In the largest genome-wide association study (GWAS) reported to date involving Alzheimer’s disease, scientists have identified two new possible genetic risk factors for late-onset Alzheimer’s, the most common form of the disease. The study, which pooled DNA samples from a number of European and U.S. groups, not only associated variations in the sequence of the CLU and PICALM genes with increased risk, but also found another 13 gene variants that merit further investigation, according to findings presented in the September 6, 2009, online issue of Nature Genetics. Involving more than 16,000 DNA samples, one feature of this research was its use of publicly shared DNA samples and databases, including several supported by the National Institute on Aging (NIA) and other components of the National Institutes of Health.
To date, only four genes have been definitively associated with Alzheimer’s disease. Three mutated genes—amyloid precursor protein (APP) and the presenilins (PS1 and PS2)—have been shown to cause the rare, early-onset familial form of the disease, which mostly occurs in middle age. Only one gene variant, apolipoprotein ε4 or APO-ε4, has been confirmed as a significant risk factor gene for the common form of late-onset Alzheimer’s, which typically strikes after age 65. GWAS studies look for genetic associations with a disease in the DNA on all of the chromosomes in a specific population of individuals. To date, such studies have been done on relatively small numbers of samples and have not been able to identify genetic variations of smaller effect. But now, GWAS studies in very large sample sets are able to identify these elusive genetic variations.
“GWAS research is entering a new phase of discovery, with much larger sample sizes made available for analysis due to highly collaborative researchers and rapid DNA sample and data sharing,” said Marcelle Morrison-Bogorad, Ph.D., director of the NIA Division of Neuroscience. “Identifying gene variants like CLU and PICALM advances our understanding of the many genetic factors that may contribute to overall risk for this devastating neurological disorder and how these genes affect the development of Alzheimer’s. This knowledge may then lead to novel disease pathways that can be targeted to develop new treatments.”
The collaborative consortium led by Julie Williams, Ph.D., and her colleagues at the School of Medicine at Cardiff University, Wales, used brain and blood tissues made available and analyzed by dozens of laboratories in the United Kingdom, Ireland, Germany, Belgium, Greece and the United States. The two-stage study first used samples from people with Alzheimer’s and a control group free of the disease to locate CLU on chromosome 8 and PICALM on chromosome 11, and then replicated the findings in a second stage of testing.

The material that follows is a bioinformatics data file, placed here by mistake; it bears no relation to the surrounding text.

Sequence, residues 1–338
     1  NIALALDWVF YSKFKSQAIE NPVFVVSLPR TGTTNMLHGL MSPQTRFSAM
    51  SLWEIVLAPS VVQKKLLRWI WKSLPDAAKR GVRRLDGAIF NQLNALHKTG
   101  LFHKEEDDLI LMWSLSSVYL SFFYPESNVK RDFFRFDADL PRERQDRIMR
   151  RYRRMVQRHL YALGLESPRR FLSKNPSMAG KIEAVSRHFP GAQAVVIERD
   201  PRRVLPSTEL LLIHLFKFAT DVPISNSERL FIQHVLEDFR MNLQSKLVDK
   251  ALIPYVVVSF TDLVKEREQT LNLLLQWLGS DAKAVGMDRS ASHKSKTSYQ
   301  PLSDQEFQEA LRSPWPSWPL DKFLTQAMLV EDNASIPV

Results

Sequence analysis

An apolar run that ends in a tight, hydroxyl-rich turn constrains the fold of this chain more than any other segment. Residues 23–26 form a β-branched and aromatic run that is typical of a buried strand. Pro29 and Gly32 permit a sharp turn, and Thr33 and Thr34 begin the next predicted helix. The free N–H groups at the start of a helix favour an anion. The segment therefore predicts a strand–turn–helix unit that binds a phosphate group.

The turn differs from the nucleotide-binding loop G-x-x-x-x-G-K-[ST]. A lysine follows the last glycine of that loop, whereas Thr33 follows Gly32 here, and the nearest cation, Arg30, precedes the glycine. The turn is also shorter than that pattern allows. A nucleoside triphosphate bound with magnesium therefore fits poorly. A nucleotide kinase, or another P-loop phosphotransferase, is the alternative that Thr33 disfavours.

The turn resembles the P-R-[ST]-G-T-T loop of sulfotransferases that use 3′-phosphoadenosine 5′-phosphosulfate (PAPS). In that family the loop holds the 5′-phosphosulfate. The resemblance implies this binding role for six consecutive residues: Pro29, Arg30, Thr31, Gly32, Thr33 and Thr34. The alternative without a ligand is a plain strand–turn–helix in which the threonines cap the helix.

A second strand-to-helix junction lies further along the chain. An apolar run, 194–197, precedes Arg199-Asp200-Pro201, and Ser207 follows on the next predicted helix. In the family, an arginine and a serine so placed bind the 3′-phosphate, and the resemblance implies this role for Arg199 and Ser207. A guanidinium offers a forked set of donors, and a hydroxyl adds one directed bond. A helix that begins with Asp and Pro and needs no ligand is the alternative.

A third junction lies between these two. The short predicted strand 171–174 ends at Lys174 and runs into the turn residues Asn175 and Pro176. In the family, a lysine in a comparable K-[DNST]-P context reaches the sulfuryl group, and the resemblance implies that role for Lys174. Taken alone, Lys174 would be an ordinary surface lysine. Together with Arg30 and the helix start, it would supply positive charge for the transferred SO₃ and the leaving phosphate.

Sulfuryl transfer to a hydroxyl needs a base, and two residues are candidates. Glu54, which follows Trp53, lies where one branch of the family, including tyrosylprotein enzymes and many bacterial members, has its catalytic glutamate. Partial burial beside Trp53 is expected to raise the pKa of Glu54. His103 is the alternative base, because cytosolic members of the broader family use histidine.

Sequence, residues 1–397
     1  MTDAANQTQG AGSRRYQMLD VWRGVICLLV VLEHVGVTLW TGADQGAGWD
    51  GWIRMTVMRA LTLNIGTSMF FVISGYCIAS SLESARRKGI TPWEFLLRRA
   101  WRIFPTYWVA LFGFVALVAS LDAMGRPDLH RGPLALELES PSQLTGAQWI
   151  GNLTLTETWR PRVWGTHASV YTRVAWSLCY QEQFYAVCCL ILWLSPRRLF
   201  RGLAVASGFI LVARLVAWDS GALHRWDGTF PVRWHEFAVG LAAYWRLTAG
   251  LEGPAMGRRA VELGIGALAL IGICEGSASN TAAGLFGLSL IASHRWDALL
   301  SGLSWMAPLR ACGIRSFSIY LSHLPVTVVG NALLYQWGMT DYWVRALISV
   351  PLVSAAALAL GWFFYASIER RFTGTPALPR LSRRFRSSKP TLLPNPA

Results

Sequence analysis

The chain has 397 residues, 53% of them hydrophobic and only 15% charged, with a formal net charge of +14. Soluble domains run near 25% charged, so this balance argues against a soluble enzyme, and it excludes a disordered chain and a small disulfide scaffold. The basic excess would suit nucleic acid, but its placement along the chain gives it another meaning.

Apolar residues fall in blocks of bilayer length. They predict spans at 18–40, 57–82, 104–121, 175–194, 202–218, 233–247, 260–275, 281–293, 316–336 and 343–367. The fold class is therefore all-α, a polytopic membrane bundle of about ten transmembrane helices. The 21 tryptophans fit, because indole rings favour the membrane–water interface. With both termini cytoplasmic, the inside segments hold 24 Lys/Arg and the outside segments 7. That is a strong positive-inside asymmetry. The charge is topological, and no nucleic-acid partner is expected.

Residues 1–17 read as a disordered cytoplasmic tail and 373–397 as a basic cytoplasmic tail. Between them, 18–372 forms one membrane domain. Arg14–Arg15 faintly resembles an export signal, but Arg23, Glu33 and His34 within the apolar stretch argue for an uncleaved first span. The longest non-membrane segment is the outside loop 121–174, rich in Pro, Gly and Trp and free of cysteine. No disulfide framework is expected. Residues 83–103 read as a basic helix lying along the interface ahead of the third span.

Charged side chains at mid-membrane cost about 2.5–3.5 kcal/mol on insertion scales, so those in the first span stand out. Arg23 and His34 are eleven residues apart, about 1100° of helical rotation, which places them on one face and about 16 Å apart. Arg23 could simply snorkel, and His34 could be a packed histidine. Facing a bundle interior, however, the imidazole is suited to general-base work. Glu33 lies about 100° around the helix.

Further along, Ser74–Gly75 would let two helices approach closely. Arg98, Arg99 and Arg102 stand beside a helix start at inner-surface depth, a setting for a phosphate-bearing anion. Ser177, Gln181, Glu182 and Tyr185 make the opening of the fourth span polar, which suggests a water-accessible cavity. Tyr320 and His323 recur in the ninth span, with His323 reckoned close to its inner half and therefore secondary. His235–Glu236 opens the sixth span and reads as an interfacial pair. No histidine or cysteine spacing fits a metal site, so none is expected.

CLU (ApoJ/clusterin located on chromosome 8) and PICALM (phosphatidylinositol-binding clathrin assembly protein located on chromosome 11) are both potentially involved in important pathways involved in AD. While more study is needed to determine the roles of the CLU and PICALM variants in Alzheimer’s pathology, the researchers noted that CLU levels are often elevated when brain tissue is injured or inflamed. Increased levels of CLU are found in the brains and cerebrospinal fluids of Alzheimer’s patients. Neurons have trouble functioning in neurodegenerative diseases because as the disease progresses, the connections between neurons, or synapses, often break down. Senile plaques and associated beta-amyloid are another hallmark of Alzheimer's disease. Geneticists hypothesize that PICALM may play a role in synaptic health and that it may also affect the levels of beta-amyloid deposits in the brain.
The U.S. laboratories contributing samples to the study were: NIA’s Laboratory of Neurogenetics, Bethesda, Md., and NIA-funded scientists at Washington University School of Medicine, St. Louis; Mayo Clinic College of Medicine, Jacksonville, Fla.; and Mayo Clinic and Mayo Foundation, Rochester, Minn. Samples were also provided by institutions supported by other NIH components, including the National Institute of Diabetes and Digestive and Kidney Diseases, the National Institute of Allergy and Infectious Diseases, the National Human Genome Research Institute, the National Institute of Neurological Disorders and Stroke and the Eunice Kennedy Shriver National Institute of Child Health and Human Development.
The NIA leads the federal government effort conducting and supporting research on the biomedical, social and behavioralac issues of older people. For more information on aging-related research and the NIA, go to www.nia.nih.gov. The NIA provides information on age-related cognitive change and neurodegenerative disease specifically at its Alzheimer’s Disease Education and Referral (ADEAR) Center site at www.nia.nih.gov/alzheimers. To sign up for e-mail alerts about new findings or publications, please visit either website.
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